The Army Corps of Engineers has some explaining to do.

They’ve just announced that, at least for the time being, Ambre Energy’s proposed coal export terminal on the Columbia River only needs a streamlined environmental assessment, rather than a more comprehensive environmental impact statement. Which means, as Scott Learn from The Oregonian writes, that Ambre’s project “is staying on the fast track.”

It’s hard not to think that the Corps is caving to pressure from the coal industry here. Let’s leave aside, if you will, the potential risks to human health—such as coal’s well-known problem with spontaneous combustion, or the many impacts on rail-side communities from coal dust. Ambre’s own consultants, in a biological assessment prepared earlier this year for the company, admitted that the Morrow Pacific coal export project will have signficant impacts on threatened and endangered fish populations and their habitat.

Here are some choice quotes from the coal industry’s own report:

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    • “Project construction activities at the Port of Morrow site will affect these [fish populations] through noise impacts, turbidity, and other habitat impacts (such as shading and the potential for accidental spills) during project construction.”
    • “Critical habitat components for Chinook salmon will be affected by the proposed project.”
    • “Ongoing negative impacts to water quality, substrate at the docks, and food resources may occur as a result of project operations. As a result, the proposed project may affect, and is likely to adversely modify, critical habitat for UCR spring-run Chinook salmon, SR fall-run Chinook salmon, and SR spring/summer-run Chinook salmon.”
    • “Shading from the conveyor, walkway, and pilings at the Port of Morrow, as well as staged barges and tugs, may increase predation in the area around the new mooring facility. Habitat disturbance and shading will also occur from vessel operation at the Port of Morrow dock.”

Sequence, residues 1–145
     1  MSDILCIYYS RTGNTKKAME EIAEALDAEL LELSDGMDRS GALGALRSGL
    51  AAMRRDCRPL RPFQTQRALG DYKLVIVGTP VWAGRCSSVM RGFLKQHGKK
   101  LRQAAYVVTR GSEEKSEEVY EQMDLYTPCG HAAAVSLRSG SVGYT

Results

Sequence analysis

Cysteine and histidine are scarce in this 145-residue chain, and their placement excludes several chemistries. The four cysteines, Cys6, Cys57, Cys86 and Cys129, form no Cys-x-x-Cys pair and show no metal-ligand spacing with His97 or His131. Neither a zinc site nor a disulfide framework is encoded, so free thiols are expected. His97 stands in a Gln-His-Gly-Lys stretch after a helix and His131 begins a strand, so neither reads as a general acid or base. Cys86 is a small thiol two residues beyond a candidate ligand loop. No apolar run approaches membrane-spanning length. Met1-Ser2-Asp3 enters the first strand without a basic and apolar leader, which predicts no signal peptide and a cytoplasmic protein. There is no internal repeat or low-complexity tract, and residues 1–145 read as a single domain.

• “The proposed project may affect, and is likely to adversely modify, critical habitat for southern green sturgeon.”

    I could go on and on—there are pages and pages of this. Fish throughout the Columbia River Watershed would be affected: Upper, Middle, and Lower Columbia River steelhead; Snake River steelhead; Willamette River steelhead; chum; bull trout; euchalon; green sturgeon. The project could even affect sea lions, orcas, and sea turtles (though the report downplays the impact on these endangered species).

    The EPA was so concerned about the project that it asked the Corps for a “broadly scoped cumulative impacts analysis” not only of the Morrow Pacific project, but of all of the proposed coal export projects that coal companies are pressing forward on. The Washington State Department of Natural Resources asked for a full EIS for the project, as did the city of Mosier, OR, downstream from the Morrow project, and the Nez Perce tribe as well. Meanwhile the Yakama Nation asked for a comprehensive, programmatic EIS for coal exports more broadly, as did Oregon’s governor, John Kitzhaber and Oregon Senator Jeff Merkley.

    So on this one, it’s the Corps and the coal industry vs., well, lots and lots of us.

    Hope is not lost, though: the “fast track” might not be all that fast. Late last week, the president of Ambre’s project (Ambre is a many-tentacled coal and oil shale conglomerate based in Australia) announced that it’s been forced to push the start date for the Morrow Pacific project back into 2014. And the streamlined environmental review could still turn up enough new data that the Corps could ask for a more thorough EIS.

    Still, the Corps is on shaky ground here. It’s already announced that a proposed coal terminal at Longview, WA does, in fact, require an EIS.  Based on current figures (which could very easily change—Ambre’s been less than truthful in the past about the scope of its plans) the proposed Longview export project would handle 5 to 6 times as much coal as the Port of Morrow project. Yet the fact that Longview gets an EIS while Morrow gets a pass presents a serious problem. It’s almost like the Corps is sending a signal to the coal industry: pare back your projects and you can get a streamlined review. That’s a recipe for nickel and diming the Northwest into becoming a major coal export hub—and all the more reason to support a comprehensive, combined review of all of the coal export proposals for the region, not the piecemeal, inconsistent, and risk-filled approach that the Corps seems to be taking.